US Macro Outlook | Banking on a mild recession
Macroeconomics · 14 Apr. 2023
0 min read
Credit squeeze, growth downturn, and peak policy rate.
- Recent banking sector stress, although stabilizing, is likely to tighten financing conditions and further raise the probability of a recession in the US. We expect a recession starting from H2, with Q2 growth now downgraded close to zero. Cyclical spending more dependent on credit, including inventories and business investment, should weaken further.
- Weaker growth should help cool the labor market and reduce medium-term inflation risks, with a lag. We continue to expect core PCE inflation to slow to an above-target 3.5% by year end, with no wage-price spiral. Housing inflation is likely to fall more markedly in coming months, along with a gradual deceleration in core services and goods inflation.
- The Fed is very close to reaching peak policy rate. It remains a close call whether the FOMC will hike rates by 25bps or pause in May. The decision will come down to whether officials place more emphasis on solid, but lagging, fundamental economic data, or deteriorating, but leading, credit condition signals. Given the long and variable lags of policy tightening, it may be prudent for the Fed to wait and assess. Either way, if the Fed hikes in May, we believe it is going to be the last one this tightening cycle.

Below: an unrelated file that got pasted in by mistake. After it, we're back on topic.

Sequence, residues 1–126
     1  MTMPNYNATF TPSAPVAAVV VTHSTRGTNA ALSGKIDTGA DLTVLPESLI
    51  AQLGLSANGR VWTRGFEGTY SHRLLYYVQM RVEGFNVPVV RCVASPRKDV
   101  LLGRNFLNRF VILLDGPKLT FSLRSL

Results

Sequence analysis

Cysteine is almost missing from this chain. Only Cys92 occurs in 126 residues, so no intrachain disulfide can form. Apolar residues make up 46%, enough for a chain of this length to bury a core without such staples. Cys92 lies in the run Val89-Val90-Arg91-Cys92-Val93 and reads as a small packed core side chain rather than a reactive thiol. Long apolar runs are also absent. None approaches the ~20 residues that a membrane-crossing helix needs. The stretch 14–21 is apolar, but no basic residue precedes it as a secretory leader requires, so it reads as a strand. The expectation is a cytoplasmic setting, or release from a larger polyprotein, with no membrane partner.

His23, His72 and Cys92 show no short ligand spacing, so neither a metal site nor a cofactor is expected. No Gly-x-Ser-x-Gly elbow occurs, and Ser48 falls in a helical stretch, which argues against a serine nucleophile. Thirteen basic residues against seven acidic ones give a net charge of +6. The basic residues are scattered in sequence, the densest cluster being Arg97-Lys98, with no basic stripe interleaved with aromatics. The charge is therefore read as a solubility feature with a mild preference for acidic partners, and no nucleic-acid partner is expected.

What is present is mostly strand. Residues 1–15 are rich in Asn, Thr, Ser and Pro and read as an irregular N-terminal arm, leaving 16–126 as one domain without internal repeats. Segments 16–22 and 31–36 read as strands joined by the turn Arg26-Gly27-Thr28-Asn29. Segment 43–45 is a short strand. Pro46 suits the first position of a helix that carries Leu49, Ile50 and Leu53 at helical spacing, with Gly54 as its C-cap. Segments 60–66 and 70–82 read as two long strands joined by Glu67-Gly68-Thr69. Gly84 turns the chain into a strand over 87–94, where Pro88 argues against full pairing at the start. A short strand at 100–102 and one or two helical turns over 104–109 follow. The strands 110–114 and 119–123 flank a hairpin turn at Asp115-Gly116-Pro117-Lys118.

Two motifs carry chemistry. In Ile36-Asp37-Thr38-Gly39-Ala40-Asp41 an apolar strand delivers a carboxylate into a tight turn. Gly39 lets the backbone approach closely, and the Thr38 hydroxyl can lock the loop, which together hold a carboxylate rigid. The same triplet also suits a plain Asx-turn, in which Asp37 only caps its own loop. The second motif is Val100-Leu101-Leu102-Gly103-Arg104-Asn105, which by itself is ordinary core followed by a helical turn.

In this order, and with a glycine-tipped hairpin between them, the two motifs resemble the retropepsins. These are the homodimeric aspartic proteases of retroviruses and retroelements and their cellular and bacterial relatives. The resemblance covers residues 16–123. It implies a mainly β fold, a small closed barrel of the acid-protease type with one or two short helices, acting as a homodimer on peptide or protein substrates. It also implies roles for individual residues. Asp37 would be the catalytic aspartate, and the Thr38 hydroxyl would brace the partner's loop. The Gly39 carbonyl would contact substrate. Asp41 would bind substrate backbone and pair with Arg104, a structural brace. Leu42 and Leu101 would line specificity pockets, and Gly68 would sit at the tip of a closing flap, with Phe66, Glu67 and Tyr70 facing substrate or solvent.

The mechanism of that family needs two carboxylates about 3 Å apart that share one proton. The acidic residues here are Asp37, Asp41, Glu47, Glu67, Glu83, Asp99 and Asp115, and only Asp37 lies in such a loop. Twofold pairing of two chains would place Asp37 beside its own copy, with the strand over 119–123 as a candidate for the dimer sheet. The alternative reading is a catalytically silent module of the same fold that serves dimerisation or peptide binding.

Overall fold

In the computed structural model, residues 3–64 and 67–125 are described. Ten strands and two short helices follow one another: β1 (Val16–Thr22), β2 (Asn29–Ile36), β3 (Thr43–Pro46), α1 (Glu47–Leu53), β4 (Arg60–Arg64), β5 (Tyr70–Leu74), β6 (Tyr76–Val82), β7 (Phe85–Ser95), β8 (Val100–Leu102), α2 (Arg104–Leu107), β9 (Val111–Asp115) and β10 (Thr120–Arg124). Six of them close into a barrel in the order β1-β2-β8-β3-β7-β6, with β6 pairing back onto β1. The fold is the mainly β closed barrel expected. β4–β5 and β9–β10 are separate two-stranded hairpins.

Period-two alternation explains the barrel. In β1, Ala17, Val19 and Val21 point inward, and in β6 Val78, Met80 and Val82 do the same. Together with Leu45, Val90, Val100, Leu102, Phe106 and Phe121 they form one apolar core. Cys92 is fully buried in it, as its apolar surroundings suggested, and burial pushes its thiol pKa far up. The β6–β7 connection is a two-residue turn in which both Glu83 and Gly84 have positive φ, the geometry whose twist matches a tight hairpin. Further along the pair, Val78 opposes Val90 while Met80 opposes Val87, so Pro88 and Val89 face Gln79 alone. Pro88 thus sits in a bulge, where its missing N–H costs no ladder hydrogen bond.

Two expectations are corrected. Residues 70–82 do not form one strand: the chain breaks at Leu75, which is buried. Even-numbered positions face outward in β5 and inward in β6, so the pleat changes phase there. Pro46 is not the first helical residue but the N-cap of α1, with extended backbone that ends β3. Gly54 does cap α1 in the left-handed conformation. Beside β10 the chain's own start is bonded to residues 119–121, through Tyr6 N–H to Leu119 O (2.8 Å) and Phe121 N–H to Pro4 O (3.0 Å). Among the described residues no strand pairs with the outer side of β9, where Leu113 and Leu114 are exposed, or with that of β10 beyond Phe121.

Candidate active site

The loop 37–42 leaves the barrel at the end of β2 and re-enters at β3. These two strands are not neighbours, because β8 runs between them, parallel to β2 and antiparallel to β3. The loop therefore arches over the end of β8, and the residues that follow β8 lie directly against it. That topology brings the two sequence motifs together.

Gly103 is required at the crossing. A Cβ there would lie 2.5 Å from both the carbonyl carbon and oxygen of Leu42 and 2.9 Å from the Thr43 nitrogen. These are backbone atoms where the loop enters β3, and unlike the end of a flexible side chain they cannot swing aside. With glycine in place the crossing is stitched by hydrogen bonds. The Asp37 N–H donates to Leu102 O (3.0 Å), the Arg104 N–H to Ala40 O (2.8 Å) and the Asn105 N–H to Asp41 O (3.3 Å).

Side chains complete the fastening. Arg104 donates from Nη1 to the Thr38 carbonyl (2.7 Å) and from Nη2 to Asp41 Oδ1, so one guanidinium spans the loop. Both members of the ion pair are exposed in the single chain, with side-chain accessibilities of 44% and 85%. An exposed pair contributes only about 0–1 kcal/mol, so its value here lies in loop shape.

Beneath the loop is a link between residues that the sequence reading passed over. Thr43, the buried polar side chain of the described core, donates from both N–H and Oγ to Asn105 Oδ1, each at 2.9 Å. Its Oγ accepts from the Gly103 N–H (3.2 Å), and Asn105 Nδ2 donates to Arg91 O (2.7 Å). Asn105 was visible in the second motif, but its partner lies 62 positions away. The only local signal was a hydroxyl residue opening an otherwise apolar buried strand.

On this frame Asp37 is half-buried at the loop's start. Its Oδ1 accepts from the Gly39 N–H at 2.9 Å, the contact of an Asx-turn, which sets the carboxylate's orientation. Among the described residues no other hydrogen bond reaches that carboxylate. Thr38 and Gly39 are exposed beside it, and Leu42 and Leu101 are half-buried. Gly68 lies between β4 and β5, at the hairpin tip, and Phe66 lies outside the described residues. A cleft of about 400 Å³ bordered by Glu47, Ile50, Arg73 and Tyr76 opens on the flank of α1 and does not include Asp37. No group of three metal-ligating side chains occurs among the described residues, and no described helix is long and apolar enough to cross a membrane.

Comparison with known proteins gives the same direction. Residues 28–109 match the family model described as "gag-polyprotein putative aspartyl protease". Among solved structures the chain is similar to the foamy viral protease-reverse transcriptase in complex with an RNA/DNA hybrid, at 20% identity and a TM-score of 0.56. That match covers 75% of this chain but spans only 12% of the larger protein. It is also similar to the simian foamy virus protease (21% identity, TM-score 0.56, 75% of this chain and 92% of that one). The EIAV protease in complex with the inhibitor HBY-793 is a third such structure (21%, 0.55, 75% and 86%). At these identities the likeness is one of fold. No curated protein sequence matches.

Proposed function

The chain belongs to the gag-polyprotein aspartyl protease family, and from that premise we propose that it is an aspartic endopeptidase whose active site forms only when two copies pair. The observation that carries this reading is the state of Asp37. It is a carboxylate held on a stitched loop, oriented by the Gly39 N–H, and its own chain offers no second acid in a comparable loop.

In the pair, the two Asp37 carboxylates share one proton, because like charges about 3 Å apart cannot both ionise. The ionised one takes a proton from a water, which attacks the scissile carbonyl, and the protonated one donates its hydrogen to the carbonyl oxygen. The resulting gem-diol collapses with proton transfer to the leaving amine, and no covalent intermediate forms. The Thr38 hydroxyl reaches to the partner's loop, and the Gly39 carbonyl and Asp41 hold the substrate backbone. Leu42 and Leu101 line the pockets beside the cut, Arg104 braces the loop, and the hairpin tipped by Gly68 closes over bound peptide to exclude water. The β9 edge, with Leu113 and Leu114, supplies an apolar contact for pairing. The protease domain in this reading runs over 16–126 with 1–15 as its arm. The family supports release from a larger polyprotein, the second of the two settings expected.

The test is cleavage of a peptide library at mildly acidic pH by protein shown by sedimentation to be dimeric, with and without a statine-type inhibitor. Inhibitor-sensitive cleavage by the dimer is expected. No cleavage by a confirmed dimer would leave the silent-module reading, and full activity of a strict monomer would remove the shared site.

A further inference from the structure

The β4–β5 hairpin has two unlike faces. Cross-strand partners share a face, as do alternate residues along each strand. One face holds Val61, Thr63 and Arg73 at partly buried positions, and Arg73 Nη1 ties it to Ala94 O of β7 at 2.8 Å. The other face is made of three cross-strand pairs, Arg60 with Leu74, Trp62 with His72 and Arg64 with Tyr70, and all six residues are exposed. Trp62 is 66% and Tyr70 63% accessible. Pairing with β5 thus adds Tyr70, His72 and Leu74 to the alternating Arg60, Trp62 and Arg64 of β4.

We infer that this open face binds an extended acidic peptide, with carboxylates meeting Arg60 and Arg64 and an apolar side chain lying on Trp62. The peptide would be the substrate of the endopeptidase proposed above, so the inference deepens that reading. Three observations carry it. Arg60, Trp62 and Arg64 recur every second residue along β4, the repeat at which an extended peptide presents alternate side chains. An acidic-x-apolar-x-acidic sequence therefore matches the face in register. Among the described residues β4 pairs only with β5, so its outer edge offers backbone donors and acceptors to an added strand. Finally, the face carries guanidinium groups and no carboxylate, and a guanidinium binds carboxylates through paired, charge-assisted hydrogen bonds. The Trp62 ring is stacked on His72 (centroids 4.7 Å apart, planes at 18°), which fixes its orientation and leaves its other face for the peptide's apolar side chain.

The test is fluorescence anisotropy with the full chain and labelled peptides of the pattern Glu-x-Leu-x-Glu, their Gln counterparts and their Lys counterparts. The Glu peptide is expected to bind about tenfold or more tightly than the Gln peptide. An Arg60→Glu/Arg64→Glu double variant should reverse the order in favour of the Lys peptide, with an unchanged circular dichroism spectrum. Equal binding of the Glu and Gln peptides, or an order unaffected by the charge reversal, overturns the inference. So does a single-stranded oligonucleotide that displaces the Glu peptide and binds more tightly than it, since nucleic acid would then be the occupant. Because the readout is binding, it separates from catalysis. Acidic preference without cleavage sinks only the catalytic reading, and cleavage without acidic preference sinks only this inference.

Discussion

- We still see no rate cuts this year due to above-target inflation, but risks emerge if there is a severe credit crunch. We don’t expect changes to quantitative tightening in 2023 but wouldn’t rule out an earlier stop as we approach levels of bank reserves scarcity.